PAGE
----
Hybrid modeling of the crosstalk between signaling and transcriptional networks using ordinary differential equations and multi-valued logic

Khan, Faiz M., Schmitz, Ulf, Nikolov, Svetoslav, Engelmann, David, Pützer, Brigitte M., Wolkenhauer, Olaf, and Vera, Julio (2014) Hybrid modeling of the crosstalk between signaling and transcriptional networks using ordinary differential equations and multi-valued logic. Biochimica et Biophysica Acta. Protein Structure and Molecular Enzymology, 1844 (1). pp. 289-298.

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A decade of successful results indicates that systems biology is the appropriate approach to investigate the regulation of complex biochemical networks involving transcriptional and post-transcriptional regulations. It becomes mandatory when dealing with highly interconnected biochemical networks, composed of hun- dreds of compounds, or when networks are enriched in non-linear motifs like feedback and feedforward loops. An emerging dilemma is to conciliate models of massive networks and the adequate description of non-linear dynamics in a suitable modeling framework. Boolean networks are an ideal representation of massive networks that are humble in terms of computational complexity and data demand. However, they are inappropriate when dealing with nested feedback/feedforward loops, structural motifs common in biochemical networks. On the other hand, models of ordinary differential equations (ODEs) cope well with these loops, but they require enormous amounts of quantitative data for a full characterization of the model. Here we propose hybrid models, composed of ODE and logical sub-modules, as a strategy to handle large scale, non-linear biochemical networks that include transcriptional and post-transcriptional regula- tions. We illustrate the construction of this kind of models using as example a regulatory network centered on E2F1, a transcription factor involved in cancer. The hybrid modeling approach proposed is a good compro- mise between quantitative/qualitative accuracy and scalability when considering large biochemical networks with a small highly interconnected core, and module of transcriptionally regulated genes that are not part of critical regulatory loops. This article is part of a Special Issue entitled: Computational Proteomics, Systems Biology & Clinical Implications.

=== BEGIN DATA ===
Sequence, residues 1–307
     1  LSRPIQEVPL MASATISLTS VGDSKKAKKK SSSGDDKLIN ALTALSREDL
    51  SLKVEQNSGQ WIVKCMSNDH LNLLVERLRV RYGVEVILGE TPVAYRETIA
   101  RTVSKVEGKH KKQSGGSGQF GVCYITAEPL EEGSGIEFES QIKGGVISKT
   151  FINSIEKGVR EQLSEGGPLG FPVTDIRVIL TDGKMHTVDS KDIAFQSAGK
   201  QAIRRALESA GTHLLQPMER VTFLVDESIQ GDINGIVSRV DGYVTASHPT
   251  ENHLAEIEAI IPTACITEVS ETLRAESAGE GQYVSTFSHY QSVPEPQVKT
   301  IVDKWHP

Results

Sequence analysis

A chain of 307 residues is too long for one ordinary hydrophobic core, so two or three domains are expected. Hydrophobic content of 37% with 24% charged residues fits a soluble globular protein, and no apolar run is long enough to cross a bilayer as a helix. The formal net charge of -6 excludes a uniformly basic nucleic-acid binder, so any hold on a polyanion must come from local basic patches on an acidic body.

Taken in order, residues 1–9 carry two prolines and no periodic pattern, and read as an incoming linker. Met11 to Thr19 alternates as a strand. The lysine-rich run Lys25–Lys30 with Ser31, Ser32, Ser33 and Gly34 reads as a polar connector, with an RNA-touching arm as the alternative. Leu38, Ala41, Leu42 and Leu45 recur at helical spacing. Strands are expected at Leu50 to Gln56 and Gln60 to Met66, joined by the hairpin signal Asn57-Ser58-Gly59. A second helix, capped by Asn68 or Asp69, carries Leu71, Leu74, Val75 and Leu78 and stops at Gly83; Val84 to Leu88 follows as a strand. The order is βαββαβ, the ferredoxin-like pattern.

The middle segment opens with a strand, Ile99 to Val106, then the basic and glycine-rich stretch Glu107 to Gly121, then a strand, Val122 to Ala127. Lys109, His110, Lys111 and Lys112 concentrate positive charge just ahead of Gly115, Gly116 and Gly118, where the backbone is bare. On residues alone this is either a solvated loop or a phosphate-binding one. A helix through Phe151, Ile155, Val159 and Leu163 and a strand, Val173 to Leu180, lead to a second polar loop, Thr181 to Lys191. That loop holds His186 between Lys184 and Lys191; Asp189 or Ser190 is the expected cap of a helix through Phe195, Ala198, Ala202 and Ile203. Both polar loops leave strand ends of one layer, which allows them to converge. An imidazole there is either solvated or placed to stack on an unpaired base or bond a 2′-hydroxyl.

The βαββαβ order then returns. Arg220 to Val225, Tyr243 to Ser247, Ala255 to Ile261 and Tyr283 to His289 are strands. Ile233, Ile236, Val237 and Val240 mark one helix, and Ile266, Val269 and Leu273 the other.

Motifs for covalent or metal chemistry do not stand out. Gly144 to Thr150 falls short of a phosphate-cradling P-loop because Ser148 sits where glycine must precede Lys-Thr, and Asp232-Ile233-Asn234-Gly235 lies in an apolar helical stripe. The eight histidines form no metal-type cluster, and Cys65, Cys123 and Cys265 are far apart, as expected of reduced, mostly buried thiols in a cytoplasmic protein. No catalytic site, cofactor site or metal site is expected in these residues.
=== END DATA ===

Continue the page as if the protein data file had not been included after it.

Item ID: 69003
Item Type: Article (Research - C1)
ISSN: 1570-9639
Copyright Information: © 2013 Elsevier B.V. All rights reserved.
Date Deposited: 18 Dec 2023 04:00
FoR Codes: 31 BIOLOGICAL SCIENCES > 3101 Biochemistry and cell biology > 310114 Systems biology @ 100%
SEO Codes: 28 EXPANDING KNOWLEDGE > 2801 Expanding knowledge > 280102 Expanding knowledge in the biological sciences @ 100%
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